Doja Cat denies ‘stripping for white supremacists’ in racist chatroom and ‘mocking police brutality’

‘Say So’ singer addressed allegations of racism that have engulfed Twitter in recent days

Doja Cat denies being a part of 'white supremacist chatrooms' in Instagram Live video

Doja Cat has denied being a part of a “white supremacist chatroom” in a lengthy Instagram Live stream in which she addressed the series of controversies that have engulfed her in recent days.

The pop star, who recently earned a US number one with her track “Say So”, was accused across social media of participating in racist chatroom conversations on the site TinyChat. A demo track titled “Dindu Nuffin”, titled after a racist meme typically used by the alt-right, was also unearthed, as well as claims that she had mocked the pronunciation of Beyoncé’s name.

Despite publishing an apologetic statement yesterday (25 May), Doja Cat revealed on Instagram Live this morning (26 May) that it was edited by her management team, and had decided to use her own live stream to address the controversy herself.

“Next [allegation] is ‘stripping for white supremacists’,” Doja said. “The chatroom that I go to is a public chatroom. It’s me and my friends, you go in there … I learned that there are racist people who come in and out of the chat. They’re there. They happen, and then they’re banned. The idea that this chatroom is a white supremacist chatroom is… I don’t understand it in any way. Not even.”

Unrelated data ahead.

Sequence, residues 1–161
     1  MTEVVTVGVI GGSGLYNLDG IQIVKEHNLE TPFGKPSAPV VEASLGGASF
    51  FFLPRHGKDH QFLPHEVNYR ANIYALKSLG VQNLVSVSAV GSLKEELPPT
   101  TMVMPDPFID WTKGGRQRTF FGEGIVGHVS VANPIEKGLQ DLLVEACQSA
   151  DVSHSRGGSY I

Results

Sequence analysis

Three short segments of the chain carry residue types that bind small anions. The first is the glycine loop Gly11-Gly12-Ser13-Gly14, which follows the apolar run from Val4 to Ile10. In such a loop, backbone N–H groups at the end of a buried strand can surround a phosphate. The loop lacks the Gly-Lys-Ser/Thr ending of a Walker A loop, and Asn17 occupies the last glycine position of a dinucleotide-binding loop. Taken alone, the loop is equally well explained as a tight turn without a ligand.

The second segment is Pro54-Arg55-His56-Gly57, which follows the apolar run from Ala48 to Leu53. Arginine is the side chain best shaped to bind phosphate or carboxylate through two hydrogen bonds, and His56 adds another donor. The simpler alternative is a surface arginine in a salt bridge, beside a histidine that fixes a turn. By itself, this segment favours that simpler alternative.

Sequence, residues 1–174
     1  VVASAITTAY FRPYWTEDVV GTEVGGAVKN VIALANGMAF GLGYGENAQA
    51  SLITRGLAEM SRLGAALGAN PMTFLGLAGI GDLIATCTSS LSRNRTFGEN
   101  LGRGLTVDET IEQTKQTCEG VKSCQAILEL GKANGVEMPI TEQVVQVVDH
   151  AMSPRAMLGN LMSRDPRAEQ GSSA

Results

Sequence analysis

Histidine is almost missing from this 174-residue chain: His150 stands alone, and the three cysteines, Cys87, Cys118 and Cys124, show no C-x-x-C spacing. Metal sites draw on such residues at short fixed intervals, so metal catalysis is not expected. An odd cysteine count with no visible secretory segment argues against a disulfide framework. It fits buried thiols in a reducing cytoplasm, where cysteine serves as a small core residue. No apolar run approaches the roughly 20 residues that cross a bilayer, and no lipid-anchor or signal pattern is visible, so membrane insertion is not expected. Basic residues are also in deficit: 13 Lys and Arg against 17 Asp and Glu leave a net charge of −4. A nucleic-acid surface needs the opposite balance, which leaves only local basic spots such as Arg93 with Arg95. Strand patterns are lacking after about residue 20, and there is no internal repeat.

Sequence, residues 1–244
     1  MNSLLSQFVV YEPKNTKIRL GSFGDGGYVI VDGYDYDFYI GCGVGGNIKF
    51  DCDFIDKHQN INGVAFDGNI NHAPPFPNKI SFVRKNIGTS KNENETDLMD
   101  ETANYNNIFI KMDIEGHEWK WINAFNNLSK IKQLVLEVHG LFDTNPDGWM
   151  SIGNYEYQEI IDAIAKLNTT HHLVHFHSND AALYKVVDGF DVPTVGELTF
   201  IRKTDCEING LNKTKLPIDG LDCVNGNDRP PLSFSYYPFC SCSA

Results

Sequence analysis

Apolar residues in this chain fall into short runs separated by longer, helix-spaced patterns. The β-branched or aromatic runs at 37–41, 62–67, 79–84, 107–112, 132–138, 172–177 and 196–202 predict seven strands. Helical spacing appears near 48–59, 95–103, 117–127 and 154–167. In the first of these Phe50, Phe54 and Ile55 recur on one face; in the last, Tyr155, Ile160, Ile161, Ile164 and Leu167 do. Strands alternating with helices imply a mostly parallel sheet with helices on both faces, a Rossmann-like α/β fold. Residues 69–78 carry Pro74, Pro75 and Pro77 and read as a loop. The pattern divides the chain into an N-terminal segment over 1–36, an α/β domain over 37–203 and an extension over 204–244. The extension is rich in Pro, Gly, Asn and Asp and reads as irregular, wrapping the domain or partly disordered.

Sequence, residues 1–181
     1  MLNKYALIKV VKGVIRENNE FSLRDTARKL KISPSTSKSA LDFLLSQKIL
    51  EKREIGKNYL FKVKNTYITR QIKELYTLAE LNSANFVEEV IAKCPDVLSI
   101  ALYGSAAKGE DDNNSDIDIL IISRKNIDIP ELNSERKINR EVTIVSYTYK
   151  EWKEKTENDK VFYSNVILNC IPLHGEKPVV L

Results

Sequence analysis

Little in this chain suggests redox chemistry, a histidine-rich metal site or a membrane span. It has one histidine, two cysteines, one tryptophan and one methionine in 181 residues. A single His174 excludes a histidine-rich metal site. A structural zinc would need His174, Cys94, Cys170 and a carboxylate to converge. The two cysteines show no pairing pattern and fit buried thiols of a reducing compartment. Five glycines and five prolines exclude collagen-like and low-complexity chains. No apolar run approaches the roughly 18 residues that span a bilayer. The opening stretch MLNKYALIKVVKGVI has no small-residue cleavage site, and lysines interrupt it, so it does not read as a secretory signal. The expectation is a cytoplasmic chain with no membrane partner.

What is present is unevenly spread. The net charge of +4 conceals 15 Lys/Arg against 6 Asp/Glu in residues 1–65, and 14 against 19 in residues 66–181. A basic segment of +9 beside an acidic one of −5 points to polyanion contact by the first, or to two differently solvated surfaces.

She said that racism happens “more” on TinyChat, in comparison to Twitter and Instagram, because it is “not as monitored”. “When you see racist s*** on TinyChat, it’s because people aren’t paying attention,” she added.

Addressing “Dindu Nuffin”, Doja said that she had been called the term in the same chatroom, and had attempted to reclaim it by using it in a song. She admitted that the song is “the worst”, saying that the lyrics made no sense, but also denied that it was in any way written to mock police brutality or Sandra Bland. Bland was a 28-year-old black woman who was found dead in a Texas jail cell in 2015, three days after being arrested during a traffic stop.

“That song is in zero ways connected to police brutality or Sandra Bland, and to see something like that, to see a song, my song that I made, connected to an innocent black woman’s death is one of the most awful rumours that I’ve ever encountered,” Doja said.

Doja Cat also denied mocking Beyoncé, following a video that spread across social media in which she appears to refer to her as “Beyonkey”.

“I saw something about how people thought I was coming for Beyoncé?” Doja said. “Beyoncé is the cream of the f***ing crop. Beyoncé is the reason why I believe I can be who I am. Beyoncé is one of the driving forces of who I am in my career. Beyoncé is undeniably talented and every f***ing time anyone has ever came for Beyoncé, I was there. And that’s all I have to say.”

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Last week, Doja was one of a number of female pop stars, including Beyoncé, Ariana Grande and Nicki Minaj, who were mentioned in an Instagram rant by Lana Del Rey, who claimed they had all had number one tracks about “being sexy and wearing no clothes”.

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